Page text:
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Tuesday, March 26, 2024

Teaching Major and Minor

To be honest I was shocked to realize recently that I've never written a blog post on my favorite ways to teach major and minor- I love teaching tonality in my upper elementary grades! It's so much fun when they finally start to get it. They always seem to feel like they've unlocked the mysteries of the universe! Here are a few of my favorite ways to teach the difference between major and minor.

1. Demonstrate familiar songs in both tonalities

I think the easiest way to demonstrate the difference between major and minor is to take a song students already know that is originally major and show them what it would sound like in a minor key. When I'm first introducing the concept I'll play a few different major and minor chords and scales on the piano for them to get the basic idea, then I play something simple like "Twinkle Twinkle" in the original major key and then change it to minor (added bonus= students always think I'm a genius when I whip this out). I also use youtube videos that do this exact thing: I love showing the original "What a Wonderful World" and then this minor version by Chase Holfelder, and this compilation of major songs turned minor AND minor songs turned major by The Gregory Brothers (note: I don't show this whole video- some of the songs included in the compilation I'm not comfortable showing in 4th/5th grade- but it's perfect to show an excerpt). These videos are also a good opportunity to tease out what else besides the tonality they've changed to make them sound happy or sad.

2. Sing and play 2 similar songs

One of my favorite ways to really get students to experience the difference between major and minor, once they've got the basic idea, is to have them sing and play instrumental accompaniment with 2 songs- one major and one minor- with a similar theme. For example when I do this in the fall with 5th grade, we compare the song "Down, Down, Yellow and Brown" and "Autumn Leaves Are Falling". They're both actually songs meant to be done with much younger children, but that makes them perfect to learn both very quickly, and add accompaniment parts on barred instruments really easily, in one lesson to compare and contrast the two. I've done this other times of year with other themes, but the key is to pick really simple songs that can be learned quickly to get to the concept of tonality.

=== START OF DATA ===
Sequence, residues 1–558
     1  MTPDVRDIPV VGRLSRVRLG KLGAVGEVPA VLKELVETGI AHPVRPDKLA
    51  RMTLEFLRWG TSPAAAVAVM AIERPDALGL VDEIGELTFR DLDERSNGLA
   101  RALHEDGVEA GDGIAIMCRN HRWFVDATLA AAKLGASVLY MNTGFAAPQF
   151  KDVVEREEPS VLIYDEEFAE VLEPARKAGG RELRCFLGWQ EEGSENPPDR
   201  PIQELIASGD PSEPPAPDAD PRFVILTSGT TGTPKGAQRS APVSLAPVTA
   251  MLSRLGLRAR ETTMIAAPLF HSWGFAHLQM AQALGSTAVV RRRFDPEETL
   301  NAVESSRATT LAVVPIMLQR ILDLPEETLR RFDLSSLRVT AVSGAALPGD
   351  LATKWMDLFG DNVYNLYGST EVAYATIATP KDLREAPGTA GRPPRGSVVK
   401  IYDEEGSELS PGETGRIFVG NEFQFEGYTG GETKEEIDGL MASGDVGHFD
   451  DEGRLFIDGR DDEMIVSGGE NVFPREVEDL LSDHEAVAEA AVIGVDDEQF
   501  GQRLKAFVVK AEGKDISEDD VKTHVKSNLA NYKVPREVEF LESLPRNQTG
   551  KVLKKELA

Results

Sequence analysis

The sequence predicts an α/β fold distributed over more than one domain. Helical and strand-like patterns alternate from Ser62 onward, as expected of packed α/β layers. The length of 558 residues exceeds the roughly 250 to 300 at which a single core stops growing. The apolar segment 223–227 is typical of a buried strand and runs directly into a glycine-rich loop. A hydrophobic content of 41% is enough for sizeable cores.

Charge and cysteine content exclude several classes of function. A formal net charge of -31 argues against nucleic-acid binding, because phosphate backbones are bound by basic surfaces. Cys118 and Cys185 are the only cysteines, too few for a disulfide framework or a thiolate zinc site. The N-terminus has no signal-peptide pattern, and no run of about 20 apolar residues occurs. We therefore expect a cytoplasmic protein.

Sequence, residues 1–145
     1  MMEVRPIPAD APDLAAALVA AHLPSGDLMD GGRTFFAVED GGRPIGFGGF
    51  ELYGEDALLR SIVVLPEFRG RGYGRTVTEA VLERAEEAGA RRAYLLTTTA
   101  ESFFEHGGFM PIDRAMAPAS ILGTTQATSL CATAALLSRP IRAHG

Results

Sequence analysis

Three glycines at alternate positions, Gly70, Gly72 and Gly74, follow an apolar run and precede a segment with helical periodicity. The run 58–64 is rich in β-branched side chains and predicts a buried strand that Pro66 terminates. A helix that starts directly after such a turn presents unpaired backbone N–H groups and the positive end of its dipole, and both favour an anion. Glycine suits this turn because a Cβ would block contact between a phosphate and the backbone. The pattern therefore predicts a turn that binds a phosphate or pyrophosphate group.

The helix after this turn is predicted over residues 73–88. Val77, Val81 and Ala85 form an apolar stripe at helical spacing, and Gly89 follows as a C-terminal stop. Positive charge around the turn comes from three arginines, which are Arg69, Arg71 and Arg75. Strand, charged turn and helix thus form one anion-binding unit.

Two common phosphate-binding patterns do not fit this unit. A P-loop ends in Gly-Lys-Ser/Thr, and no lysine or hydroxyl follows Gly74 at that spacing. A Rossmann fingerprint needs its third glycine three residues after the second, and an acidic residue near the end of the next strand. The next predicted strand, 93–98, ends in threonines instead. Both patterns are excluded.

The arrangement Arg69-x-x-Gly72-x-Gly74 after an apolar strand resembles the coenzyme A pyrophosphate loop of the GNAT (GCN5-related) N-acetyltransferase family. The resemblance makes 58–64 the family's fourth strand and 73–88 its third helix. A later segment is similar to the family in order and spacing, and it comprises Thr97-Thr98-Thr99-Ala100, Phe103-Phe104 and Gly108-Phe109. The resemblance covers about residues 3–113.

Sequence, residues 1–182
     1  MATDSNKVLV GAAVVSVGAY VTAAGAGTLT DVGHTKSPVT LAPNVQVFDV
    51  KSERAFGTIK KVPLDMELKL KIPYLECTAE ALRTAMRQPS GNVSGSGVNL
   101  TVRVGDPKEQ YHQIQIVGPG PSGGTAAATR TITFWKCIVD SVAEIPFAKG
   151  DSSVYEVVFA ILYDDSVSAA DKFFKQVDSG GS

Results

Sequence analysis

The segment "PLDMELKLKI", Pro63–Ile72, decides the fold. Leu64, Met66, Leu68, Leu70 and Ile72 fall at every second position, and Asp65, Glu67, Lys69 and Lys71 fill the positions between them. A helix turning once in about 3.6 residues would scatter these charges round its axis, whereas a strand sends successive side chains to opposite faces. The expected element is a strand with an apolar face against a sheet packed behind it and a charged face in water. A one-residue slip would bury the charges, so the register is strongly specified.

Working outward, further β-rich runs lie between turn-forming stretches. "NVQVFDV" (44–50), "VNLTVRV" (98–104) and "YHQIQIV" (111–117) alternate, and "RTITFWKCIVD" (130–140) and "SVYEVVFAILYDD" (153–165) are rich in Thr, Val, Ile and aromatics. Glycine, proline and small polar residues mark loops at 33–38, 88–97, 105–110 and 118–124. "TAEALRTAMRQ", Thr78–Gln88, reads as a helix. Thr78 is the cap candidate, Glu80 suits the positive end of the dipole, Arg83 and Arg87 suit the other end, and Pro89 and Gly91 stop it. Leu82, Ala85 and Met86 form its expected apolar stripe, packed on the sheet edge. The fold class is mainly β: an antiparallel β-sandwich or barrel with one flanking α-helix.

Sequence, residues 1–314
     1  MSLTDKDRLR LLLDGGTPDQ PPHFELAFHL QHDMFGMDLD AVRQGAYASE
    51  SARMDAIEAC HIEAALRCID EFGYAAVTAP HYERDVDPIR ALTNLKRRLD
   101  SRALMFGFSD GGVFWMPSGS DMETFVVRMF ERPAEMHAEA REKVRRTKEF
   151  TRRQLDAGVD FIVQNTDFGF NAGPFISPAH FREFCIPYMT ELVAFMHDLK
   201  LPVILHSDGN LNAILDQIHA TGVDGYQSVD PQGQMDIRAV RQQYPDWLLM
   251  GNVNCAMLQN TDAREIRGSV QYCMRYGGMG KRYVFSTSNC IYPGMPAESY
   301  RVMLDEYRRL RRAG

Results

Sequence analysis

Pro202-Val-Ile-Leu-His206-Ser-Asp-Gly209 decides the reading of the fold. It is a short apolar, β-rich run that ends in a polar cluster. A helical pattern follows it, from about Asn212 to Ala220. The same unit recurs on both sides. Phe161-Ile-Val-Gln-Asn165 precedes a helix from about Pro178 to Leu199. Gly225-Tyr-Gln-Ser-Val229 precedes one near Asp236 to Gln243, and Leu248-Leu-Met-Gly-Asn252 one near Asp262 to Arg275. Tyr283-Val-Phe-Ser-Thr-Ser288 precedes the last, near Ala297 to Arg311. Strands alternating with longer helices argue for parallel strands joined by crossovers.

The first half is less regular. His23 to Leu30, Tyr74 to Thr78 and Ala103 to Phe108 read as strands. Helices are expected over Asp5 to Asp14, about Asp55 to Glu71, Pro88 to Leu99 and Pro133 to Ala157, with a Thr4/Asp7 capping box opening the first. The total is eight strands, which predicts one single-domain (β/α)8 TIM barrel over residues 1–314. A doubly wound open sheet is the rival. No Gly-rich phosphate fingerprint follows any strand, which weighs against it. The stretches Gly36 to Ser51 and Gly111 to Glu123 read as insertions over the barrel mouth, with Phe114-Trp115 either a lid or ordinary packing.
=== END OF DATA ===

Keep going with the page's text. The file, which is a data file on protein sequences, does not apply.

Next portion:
3. Listening examples

Obviously there's no substitute for listening to lots of different examples of major and minor tonalities. I actually like to take current songs students are familiar with from social media or the radio, but there are also really great collections on youtube like this one that I've used in sub lessons because it will play several in a row and give the answer after each one. Either way, I really try to find examples of minor songs that are fast and major songs that are slow, minor songs that have high notes and major songs that have low notes to try to throw them off and also get them to really focus in on the tonality and not just the immediate impression of happy vs sad. One great example is "Someone Like You" by Adele- most people will confidently say that song is minor but it's actually major! They don't believe me until I show them this minor version, then they hear the contrast. It always leads to really great conversations about why a composer would choose a major key for a song with those lyrics. "Panini" by Lil Nas X is a great example of a song everyone thinks is major but is actually minor.

These are all activities that I include in lessons starting in the middle of 4th grade into 5th grade, when we start getting into composing melodies in minor, and we continue to review with more and more complexity through 6th grade. I find that when I first introduce the concept they are easily thrown off if I play a minor chord on high notes or play a major song softly, but by 6th grade, my students are very good at distinguishing the two tonalities and it becomes almost second nature. If you want to see how I weave this concept into my upper elementary lessons, here is my curriculum set!

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